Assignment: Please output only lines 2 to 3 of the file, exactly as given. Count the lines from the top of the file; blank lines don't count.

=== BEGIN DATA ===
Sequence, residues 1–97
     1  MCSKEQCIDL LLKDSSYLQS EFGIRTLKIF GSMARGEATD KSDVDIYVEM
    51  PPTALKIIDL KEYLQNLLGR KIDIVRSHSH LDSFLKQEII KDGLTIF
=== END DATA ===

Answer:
     1  MCSKEQCIDL LLKDSSYLQS EFGIRTLKIF GSMARGEATD KSDVDIYVEM
    51  PPTALKIIDL KEYLQNLLGR KIDIVRSHSH LDSFLKQEII KDGLTIF